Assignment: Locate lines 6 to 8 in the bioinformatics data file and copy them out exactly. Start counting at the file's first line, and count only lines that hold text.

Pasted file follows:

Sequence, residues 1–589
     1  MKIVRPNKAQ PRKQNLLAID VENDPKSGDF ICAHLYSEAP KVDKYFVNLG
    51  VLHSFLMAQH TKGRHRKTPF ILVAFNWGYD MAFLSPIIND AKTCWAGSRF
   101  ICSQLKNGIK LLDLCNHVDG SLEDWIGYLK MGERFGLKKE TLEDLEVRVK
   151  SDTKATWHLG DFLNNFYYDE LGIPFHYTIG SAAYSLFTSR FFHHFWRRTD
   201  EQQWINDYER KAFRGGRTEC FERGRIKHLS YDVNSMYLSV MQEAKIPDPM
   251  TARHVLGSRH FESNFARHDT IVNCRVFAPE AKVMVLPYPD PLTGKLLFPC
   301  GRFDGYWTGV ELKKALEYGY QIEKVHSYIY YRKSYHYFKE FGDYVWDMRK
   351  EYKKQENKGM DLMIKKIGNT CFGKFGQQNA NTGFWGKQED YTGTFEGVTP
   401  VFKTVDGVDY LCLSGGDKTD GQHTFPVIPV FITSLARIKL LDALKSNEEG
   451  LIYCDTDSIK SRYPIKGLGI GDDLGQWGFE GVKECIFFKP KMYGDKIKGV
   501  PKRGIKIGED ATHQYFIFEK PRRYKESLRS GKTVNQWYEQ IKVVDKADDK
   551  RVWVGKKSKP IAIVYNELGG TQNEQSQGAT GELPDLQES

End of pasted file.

   201  EQQWINDYER KAFRGGRTEC FERGRIKHLS YDVNSMYLSV MQEAKIPDPM
   251  TARHVLGSRH FESNFARHDT IVNCRVFAPE AKVMVLPYPD PLTGKLLFPC
   301  GRFDGYWTGV ELKKALEYGY QIEKVHSYIY YRKSYHYFKE FGDYVWDMRK